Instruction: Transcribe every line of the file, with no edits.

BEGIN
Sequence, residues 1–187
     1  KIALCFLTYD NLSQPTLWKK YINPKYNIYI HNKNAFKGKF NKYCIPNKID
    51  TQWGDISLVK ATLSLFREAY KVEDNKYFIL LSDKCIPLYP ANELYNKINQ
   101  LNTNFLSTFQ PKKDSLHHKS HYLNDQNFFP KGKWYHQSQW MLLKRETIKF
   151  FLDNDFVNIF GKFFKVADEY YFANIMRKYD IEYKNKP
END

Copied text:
Sequence, residues 1–187
     1  KIALCFLTYD NLSQPTLWKK YINPKYNIYI HNKNAFKGKF NKYCIPNKID
    51  TQWGDISLVK ATLSLFREAY KVEDNKYFIL LSDKCIPLYP ANELYNKINQ
   101  LNTNFLSTFQ PKKDSLHHKS HYLNDQNFFP KGKWYHQSQW MLLKRETIKF
   151  FLDNDFVNIF GKFFKVADEY YFANIMRKYD IEYKNKP